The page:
AEC Customers will Gain Greater Flexibility Throughout the BIM Project Lifecycle
Autodesk and Trimble have entered into an interoperability agreement aimed at saving customers time and reducing project costs typically associated with workflow inefficiency across different suppliers’ technologies. This will benefit architects, engineers and contractors, and importantly, project owners by enabling more freedom to optimise technology workflows needed to meet the complex requirements of today’s construction projects.
Autodesk and Trimble have a shared goal of meeting the evolving needs of the building and infrastructure industries. Reliable, fluent exchange of information among multiple stakeholders and platforms is essential to this end. The Trimble and Autodesk collaboration demonstrates their ongoing commitment to support open industry standards such as Industry Foundation Classes (IFC) and Construction Operations Building Information Exchange (COBie), and can enable current and prospective Autodesk and Trimble customers working on the same projects to work together seamlessly through optimised file compatibility across applications.
Under the terms of agreement, Autodesk and Trimble will take steps to accelerate interoperability by exchanging Application Programming Interfaces (APIs) and developer tools to build and market interoperable products. This allows the two companies to improve upon existing data exchanges, as well as open up new workflows between their products. Tighter product-to-product integration can enable design and construction professionals to share models, project files and other data between select Autodesk and Trimble solutions both in the office and the field, and allow for the reuse of information during design and construction throughout all phases of the project.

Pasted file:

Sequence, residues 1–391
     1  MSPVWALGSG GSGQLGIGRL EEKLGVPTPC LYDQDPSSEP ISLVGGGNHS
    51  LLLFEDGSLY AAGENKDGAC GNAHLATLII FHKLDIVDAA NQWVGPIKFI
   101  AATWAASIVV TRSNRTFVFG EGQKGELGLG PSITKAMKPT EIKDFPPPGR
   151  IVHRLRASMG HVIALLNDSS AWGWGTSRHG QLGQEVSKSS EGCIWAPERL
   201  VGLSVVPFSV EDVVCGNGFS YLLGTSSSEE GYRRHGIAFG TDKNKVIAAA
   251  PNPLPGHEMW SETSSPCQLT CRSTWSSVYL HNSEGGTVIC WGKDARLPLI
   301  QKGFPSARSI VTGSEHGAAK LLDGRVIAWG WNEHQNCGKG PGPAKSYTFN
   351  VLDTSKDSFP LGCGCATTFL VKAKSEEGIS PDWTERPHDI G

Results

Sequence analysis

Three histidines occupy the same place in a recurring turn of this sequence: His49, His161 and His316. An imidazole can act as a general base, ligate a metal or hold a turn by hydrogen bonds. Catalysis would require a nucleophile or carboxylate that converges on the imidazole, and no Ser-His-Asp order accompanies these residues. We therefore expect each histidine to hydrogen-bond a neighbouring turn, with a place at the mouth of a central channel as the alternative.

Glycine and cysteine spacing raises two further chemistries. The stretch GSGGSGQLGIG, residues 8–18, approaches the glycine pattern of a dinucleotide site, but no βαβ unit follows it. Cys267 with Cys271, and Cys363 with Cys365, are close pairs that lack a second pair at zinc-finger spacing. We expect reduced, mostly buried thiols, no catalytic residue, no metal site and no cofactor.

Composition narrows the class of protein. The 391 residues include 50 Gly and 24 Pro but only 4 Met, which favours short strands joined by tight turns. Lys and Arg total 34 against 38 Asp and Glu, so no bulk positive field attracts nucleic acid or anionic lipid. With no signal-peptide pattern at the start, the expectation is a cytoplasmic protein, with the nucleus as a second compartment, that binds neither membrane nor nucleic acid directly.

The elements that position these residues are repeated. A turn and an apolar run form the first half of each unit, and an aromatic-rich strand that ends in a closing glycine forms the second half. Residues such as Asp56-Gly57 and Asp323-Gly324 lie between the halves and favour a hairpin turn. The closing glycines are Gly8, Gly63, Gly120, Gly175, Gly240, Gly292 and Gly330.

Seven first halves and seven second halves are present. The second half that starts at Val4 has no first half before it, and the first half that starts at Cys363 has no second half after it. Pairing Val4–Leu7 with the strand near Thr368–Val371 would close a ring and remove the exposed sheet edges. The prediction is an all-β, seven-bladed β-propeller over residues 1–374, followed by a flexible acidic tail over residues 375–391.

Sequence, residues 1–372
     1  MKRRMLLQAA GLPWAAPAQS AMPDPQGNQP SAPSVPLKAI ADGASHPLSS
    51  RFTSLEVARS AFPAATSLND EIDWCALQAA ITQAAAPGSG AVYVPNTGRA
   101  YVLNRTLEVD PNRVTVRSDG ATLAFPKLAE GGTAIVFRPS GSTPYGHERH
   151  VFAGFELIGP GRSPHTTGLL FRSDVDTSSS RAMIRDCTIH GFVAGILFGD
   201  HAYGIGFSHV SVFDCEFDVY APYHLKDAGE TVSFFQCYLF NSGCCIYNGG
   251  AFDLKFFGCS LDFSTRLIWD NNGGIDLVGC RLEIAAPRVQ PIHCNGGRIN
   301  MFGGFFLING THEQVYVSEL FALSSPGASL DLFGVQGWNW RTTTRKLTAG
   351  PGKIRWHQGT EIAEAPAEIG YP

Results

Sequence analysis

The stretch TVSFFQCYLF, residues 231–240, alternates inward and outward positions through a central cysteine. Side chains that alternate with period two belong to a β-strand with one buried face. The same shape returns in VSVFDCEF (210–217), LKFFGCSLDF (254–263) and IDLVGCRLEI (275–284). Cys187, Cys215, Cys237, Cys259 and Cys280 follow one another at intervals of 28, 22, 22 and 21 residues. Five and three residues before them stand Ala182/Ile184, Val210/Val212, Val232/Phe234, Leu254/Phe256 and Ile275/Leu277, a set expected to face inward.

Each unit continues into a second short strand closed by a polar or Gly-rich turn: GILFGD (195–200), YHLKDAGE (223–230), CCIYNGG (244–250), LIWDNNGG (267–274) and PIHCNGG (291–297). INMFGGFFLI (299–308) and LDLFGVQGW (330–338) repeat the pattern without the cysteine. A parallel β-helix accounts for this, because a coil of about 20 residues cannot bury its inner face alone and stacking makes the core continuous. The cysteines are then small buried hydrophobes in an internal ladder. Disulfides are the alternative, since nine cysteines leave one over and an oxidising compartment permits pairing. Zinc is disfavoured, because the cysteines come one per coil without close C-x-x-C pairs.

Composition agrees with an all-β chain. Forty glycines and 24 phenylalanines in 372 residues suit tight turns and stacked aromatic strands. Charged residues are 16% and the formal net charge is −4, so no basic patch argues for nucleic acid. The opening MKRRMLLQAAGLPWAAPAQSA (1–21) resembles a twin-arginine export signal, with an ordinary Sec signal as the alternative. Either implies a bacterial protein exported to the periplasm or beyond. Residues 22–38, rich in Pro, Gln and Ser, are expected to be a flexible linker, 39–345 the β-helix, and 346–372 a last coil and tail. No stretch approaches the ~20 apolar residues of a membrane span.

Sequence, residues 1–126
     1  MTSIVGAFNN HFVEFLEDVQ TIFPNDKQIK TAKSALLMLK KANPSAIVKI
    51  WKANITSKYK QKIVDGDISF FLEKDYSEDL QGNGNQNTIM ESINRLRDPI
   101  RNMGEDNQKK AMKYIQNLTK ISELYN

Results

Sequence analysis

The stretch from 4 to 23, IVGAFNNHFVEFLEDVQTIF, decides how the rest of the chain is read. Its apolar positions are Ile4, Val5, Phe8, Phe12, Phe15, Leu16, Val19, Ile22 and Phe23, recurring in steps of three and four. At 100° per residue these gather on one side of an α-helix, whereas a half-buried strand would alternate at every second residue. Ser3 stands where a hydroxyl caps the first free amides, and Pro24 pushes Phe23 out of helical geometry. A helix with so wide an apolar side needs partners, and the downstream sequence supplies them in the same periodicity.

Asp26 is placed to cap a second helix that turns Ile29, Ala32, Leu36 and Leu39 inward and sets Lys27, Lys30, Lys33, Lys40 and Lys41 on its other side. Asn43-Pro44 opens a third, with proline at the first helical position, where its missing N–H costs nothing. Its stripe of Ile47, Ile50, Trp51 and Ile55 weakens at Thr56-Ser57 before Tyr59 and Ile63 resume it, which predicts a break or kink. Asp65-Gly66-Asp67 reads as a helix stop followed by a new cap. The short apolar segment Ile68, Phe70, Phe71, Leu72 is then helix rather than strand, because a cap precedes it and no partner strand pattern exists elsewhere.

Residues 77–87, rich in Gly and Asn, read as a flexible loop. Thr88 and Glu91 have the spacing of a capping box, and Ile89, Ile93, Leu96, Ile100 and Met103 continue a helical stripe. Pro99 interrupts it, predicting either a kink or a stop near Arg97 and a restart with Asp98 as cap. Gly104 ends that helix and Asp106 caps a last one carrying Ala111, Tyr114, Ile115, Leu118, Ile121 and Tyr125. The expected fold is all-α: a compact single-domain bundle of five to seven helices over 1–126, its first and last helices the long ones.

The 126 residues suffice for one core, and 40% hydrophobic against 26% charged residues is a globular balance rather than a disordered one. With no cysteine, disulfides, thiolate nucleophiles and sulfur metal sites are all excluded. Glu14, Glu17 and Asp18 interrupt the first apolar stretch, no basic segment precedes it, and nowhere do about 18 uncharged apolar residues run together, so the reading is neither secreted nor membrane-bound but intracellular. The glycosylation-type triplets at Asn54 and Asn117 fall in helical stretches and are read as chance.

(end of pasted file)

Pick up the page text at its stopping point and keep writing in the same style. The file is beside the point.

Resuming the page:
“The strength of a company is best measured by its willingness to do what is right for its customers and the industry at large. This interoperability agreement, like others we’ve signed, speaks to Autodesk’s commitment to openness,” said Amar Hanspal, senior vice president, Autodesk. “This collaboration with Trimble speaks to our shared dedication to making the building process more efficient and productive for all involved.”
“This collaboration demonstrates our mutual commitment to provide design and construction professionals with a seamless experience from both Autodesk and Trimble design-build-operate solutions,” said Bryn Fosburgh, vice president at Trimble. “As a result all stakeholders across the construction lifecycle can optimise their workflow efficiency.”
I found this video a few weeks ago which showed one of the new features in the 2013 release of Autodesk Navisworks. This Autodesk Navisworks Learning video shows you how you can work with Revit models in Navisworks. You’ll learn how to open Revit files in Navisworks, see how the Revit properties are imported with the model, and learn how to improve your workflows with the switchback functionality. This is one of the features in the 2013 which further aids the collaboration process between parties using different software packages.
I will now post a few tutorial videos which highlight some of the key features of the software to those who do not use Navisworks. Clash detection is one of the key aspects of Navisworks that has seperated it from other packages in the past. This Autodesk Navisworks Learning video shows you how to navigate and understand Clash Detective. Clash Detective enables you to identify clashes between objects in your model, so that you can resolve problems at the design stage. Clash detection has been used on many large BIM projects, significant savings made through spotting and solving clashes before they are built.